Home Is Wherever My Bike Is

Home Is Wherever My Bike Is

Posted by Eva Mohr on

Home is wherever my bike is

New York City is full of inspiring people. A city full of makers and doers and no day will pass without meeting people that live for their passion and ideas. But even in a city like NYC, there are some folks that stand out. One of them is my friend Brittney.

I first met Brittney last summer, when we were both working at the “Bicycle Film Festival New York” and got into a conversation about bikes, fashion and girls on bicycles. (Ok, not so unusual to meet someone who loves bikes at a bicycle film festival). But soon I realized, this girl has her shit together. Brittney, only 19 at the time, had just moved to NYC and worked as a barista to learn how to make good coffee and of course to make some money, but besides that she learned to become a bicycle mechanic and did an internship with a photography Studio. Simply to work on the things she's most passionate about and to prepare for a trip she was planning back then: cycling from Portland (OR) to Mexico on a fixed gear.

Her view on life, bravery, positive energy and “just-do-it” mentality blew my mind and I am proud to share some of her photos, insights from her trip and life on a fixed-gear on our blog.

ATIW: Brittney, where's home?

Brittney: I grew up in a village two hours northeast of Toronto, but in terms of where's home, it's wherever my bike is.

ATIW: What kind of bike are you riding?

Brittney: “I have one bike, that I've had since March, and I love it dearly. It's a lime green 2011 Cinelli Gazzetta fixed gear. White All-City hubs and crankset, white Velocity deep-v's. It's pretty flashy.

ATIW: Tell us about your ride from Portland (OR) to Mexico!

Brittney: The trip, as you can imagine, was magical. Portland (OR) to the Mexican border on two wheels, in six weeks. 1500 miles of coast riding fixed - no coasting. Romanticize and idealize the road, and the simplicity of just moving forward all day, every day, and you'll start to understand how perfect it was. Wake up in the morning with the sun, usually around 7-7:30 am, pack up, eat some bananas and peanut butter, and hit the road. I lived almost exclusively off of bananas, peanut butter, Clif bars, beef jerky, apples, and beautiful SoCal burritos, for the whole trip. There wasn't much navigating to do, just keep the water to your right, and stay as close to it as you can at all times. Usually rode between 50-70 miles each day, but we didn't really have a schedule. Just two months of freedom, and the length of the United States to simply BE present in. The simplicity was my favorite part, the part that continues to inspire me. I'd never experienced the contentment that comes with having everything you need to survive on your person, and relying on no one and nothing but yourself. Being entirely self-sufficient is fascinating, such a human experience.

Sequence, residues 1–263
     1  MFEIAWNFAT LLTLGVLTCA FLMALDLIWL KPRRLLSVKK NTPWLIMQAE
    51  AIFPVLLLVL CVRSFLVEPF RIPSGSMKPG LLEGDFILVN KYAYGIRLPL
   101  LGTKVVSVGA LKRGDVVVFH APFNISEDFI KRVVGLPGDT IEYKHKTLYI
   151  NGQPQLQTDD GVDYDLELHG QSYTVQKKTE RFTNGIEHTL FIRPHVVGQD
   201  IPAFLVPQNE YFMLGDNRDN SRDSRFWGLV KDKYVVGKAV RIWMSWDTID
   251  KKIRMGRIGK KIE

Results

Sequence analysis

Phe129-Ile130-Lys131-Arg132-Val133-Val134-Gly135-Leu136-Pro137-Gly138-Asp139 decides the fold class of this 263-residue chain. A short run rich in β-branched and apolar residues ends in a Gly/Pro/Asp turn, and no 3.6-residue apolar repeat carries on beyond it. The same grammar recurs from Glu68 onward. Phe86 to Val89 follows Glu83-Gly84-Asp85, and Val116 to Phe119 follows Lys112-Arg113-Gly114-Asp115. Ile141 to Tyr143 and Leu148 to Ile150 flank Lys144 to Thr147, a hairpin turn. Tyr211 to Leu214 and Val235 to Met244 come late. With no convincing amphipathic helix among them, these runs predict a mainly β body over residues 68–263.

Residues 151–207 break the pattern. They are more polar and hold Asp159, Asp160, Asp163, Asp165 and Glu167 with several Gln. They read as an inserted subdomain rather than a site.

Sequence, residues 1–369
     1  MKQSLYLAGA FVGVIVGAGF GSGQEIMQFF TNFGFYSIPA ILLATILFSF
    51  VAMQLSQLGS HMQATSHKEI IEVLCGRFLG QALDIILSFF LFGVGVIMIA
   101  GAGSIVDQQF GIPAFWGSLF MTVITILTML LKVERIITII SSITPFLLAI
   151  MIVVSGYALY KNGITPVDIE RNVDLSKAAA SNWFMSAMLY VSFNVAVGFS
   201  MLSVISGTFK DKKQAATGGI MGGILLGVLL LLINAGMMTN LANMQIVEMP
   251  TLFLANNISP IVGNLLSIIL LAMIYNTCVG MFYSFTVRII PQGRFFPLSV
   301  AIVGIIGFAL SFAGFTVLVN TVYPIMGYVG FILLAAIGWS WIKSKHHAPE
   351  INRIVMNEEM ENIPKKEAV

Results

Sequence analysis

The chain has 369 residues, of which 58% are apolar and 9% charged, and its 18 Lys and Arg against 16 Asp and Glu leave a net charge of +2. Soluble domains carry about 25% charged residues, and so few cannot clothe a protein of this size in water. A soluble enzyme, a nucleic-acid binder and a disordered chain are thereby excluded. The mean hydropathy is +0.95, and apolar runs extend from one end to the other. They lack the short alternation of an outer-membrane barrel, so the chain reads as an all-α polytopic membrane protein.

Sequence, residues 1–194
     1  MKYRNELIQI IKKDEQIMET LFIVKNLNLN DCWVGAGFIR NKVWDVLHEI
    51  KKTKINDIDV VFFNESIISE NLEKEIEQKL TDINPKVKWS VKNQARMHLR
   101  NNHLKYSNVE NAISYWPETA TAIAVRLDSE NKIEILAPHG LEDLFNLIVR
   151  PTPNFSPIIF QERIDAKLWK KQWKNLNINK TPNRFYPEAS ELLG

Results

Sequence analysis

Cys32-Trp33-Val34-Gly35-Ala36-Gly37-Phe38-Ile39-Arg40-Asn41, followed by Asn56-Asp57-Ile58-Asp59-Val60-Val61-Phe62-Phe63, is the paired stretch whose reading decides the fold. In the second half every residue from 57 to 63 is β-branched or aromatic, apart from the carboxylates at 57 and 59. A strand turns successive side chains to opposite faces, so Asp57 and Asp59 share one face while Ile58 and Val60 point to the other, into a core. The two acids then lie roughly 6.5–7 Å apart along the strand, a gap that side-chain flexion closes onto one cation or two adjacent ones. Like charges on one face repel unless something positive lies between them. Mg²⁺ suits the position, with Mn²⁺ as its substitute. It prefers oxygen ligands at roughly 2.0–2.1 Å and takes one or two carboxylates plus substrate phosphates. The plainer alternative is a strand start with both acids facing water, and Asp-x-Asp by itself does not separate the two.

I still can't really identify when it occurred to me that this is something I could do. It was born of necessity I think. I'd been planning on traveling around the states, but shipping a bicycle around is so expensive. I wanted to travel to a lot of places, I wanted to bring my bicycle, but I could only afford to ride it, I guess. I don't know how I decided on the west coast. Portland and San Francisco were close to the top of my list of cities I needed to see, and I guess it just made sense. I bought a sleeping bag, mat and a tent, (which has since all been returned for cash… dirtbag move I know, but I had to do it.) And last minute someone recommended the Lonely Planet Guide: Biking The West Coast. (Invaluable. The only guide you need.) I left New York for Portland about a month after I decided to do the trip. I didn't do any research, I didn't do any training, I rode those mad hills on the same gear ratio I originally set my bike up on. Ignorance earned me a lot more cred than I deserved, and I think that can be applied to so much more in life. Just DO stuff. Figure it out as you go, what's the worst that could happen?

ATIW: What's next in life?

Brittney: It's been kind of a wacky month since I am back - I got back to Toronto and immediately started working as a bike courier. I worked for three weeks (and it's AWESOME, it's so perfect, get paid to ride my bike and hang out with rad dudes.) Then I got cut off and crunched pretty good between two cars, and took a mirror off with my kidney. I just got up and kept working, but a few hours later realized I was bleeding internally pretty bad, ended up at the hospital for three days, with a lacerated kidney. Not fun. I was back on my bike within a few days of being outta the hospital, they said not to ride for a month but that's silly, it was easier than walking. So I've just been cruising / working at my old coffee shop for a few weeks. Starting back at messengering again tomorrow!

To learn more about Brittney, her work and life on a bicycle
check out: www.brittneyburkholder.com .

Home Is Wherever My Bike Is

Home Is Wherever My Bike Is

Home Is Wherever My Bike Is MAP

Home Is Wherever My Bike Is Break

Home Is Wherever My Bike Is Coffee

Home Is Wherever My Bike Is Sleeping

Home Is Wherever My Bike Is Sign

Home Is Wherever My Bike Is

All images are courtesy of Brittney Burkholder

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